When I look to the future vision of an organization, I am often struck with the realization that there are very different ideas of what good planning is. Some team members believe that a thoroughly detailed document is the best outcome. In contrast, others are committed to action and adjustment along the way.
If you have had a Birkman assessment done, you know which quadrant connects with which idea.
One idea suggests that an organization should carefully map out a detailed 5-10 year plan, with specific and numerous objectives, tactics and action items. The corresponding management principle is to methodically work through the process, measure and tweak along the way, complete a formal review of the plan at year five, and extend the plan out for the next 5-10 year horizon. This approach can be summed up in the well-known phrase “plan the work, and then work the plan”.
Another idea suggests that an organization should identify a handful of critical priorities for the next 12-24 months, identify one or two measurable goals for each priority, and describe just a few critical action items. The corresponding management principle is to minimize the documentation, enable and empower employees to make decisions along the way, and quickly adjust the plan and strategies as new challenges and opportunities arise. This approach can be summed up with well-known catchwords such as “nimble”, “agile”, and “responsive”.
There are, of course, advantages and weaknesses to each approach.
How do you know which idea is best for your specific context?
The former, more traditional approach can work well in stable and slow-moving industries and sectors that have little change or turnover. There is no need to fix what is not broken, and success is best achieved through minimal change. The strategy is to keep moving along the well-articulated path without distraction.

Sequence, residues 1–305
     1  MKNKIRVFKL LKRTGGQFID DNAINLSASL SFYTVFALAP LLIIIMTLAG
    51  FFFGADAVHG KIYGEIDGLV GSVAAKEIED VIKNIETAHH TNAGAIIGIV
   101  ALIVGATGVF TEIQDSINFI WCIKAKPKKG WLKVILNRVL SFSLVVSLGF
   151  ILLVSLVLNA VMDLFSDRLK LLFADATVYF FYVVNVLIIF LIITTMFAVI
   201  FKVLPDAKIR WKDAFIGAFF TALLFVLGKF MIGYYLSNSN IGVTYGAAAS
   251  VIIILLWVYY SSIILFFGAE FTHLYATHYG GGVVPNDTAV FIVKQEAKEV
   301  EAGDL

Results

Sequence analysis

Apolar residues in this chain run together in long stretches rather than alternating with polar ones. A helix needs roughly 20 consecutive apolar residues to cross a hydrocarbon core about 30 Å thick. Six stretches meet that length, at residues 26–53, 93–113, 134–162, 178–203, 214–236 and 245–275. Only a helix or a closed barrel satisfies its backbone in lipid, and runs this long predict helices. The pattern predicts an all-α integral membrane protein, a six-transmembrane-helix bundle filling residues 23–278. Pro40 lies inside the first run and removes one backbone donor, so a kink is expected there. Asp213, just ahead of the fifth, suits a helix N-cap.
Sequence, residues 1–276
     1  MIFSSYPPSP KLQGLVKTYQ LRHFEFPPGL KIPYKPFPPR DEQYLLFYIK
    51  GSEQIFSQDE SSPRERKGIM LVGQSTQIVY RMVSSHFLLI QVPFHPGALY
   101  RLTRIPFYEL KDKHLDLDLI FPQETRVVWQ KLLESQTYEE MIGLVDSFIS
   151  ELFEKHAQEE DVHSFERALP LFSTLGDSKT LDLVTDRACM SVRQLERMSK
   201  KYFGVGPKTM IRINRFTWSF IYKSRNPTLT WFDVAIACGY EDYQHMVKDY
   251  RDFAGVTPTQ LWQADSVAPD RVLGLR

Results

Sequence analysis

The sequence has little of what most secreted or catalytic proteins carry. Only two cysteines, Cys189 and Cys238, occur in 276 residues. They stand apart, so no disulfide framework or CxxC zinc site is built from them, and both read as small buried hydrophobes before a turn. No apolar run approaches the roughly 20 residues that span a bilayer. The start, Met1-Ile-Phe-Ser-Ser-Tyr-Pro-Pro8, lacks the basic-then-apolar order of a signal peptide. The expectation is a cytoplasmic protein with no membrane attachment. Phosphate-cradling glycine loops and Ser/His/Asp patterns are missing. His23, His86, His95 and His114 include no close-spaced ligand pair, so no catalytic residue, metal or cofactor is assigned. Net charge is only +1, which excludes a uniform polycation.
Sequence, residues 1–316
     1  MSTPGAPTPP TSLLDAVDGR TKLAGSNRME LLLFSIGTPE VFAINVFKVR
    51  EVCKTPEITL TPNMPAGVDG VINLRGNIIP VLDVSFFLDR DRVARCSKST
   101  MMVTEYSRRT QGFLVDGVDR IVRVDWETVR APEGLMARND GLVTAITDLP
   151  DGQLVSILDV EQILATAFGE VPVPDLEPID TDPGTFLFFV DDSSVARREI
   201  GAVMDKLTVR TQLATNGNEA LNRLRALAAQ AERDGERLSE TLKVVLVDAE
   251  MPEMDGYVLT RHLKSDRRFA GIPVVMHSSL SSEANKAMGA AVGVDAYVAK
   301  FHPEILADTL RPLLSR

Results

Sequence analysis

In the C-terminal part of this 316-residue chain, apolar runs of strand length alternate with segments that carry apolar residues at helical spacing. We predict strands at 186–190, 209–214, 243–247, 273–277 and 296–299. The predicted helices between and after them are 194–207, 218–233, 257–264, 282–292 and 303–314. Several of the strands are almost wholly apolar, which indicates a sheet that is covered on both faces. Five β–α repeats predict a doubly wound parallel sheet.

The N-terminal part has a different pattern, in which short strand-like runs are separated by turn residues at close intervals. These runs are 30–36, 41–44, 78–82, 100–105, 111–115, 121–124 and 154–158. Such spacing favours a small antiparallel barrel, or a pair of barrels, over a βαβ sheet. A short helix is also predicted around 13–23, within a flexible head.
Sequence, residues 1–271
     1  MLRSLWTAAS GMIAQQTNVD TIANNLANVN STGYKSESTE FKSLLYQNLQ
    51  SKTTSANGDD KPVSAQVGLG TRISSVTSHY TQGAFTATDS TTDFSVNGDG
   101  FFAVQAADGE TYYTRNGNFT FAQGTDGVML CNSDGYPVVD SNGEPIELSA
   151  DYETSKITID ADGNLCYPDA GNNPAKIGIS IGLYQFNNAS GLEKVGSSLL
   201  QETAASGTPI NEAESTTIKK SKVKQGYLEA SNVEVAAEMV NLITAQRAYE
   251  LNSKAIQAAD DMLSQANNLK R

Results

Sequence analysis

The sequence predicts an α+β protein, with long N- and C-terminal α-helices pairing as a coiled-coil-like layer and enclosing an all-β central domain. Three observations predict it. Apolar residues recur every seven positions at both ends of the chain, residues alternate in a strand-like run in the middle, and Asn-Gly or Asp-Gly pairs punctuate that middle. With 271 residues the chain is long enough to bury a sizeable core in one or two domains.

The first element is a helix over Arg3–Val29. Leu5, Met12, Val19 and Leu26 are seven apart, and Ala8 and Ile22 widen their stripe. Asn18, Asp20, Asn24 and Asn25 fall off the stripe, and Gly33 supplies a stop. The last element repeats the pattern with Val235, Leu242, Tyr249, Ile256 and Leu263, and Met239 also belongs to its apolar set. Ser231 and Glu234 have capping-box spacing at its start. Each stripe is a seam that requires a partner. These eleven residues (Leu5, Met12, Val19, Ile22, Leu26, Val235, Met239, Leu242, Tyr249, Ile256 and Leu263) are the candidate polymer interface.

The latter and more recent approach can work well in industries and sectors that experience frequent change and uncertainty, with shifting opportunities and partnerships. The landscape changes so fast and so often that even a three-year projection becomes irrelevant after only one year. This can be the world of start-ups, entrepreneurs, and industries experiencing large-scale disruption. Constant adaptation is the key to success.
I lead an educational organization and am working on shifting us from the former to the latter. The world of higher education and training has been experiencing seismic shifts in almost every area during recent years. And therein lies great opportunity!
Success will be achieved only if we become strategically agile and comfortable with moving forward with an incomplete picture of the future. The world moves fast, and we need to as well. These are exciting days to be in leadership!
As you think of your particular leadership context …
- Which approach does your organization follow? Which one should it follow?
- Do you have the right people in the right positions on your leadership team? To find out how, consider investing in Assessment or Coaching.
- If you have the right team, what is your method of effective collaborative strategic planning?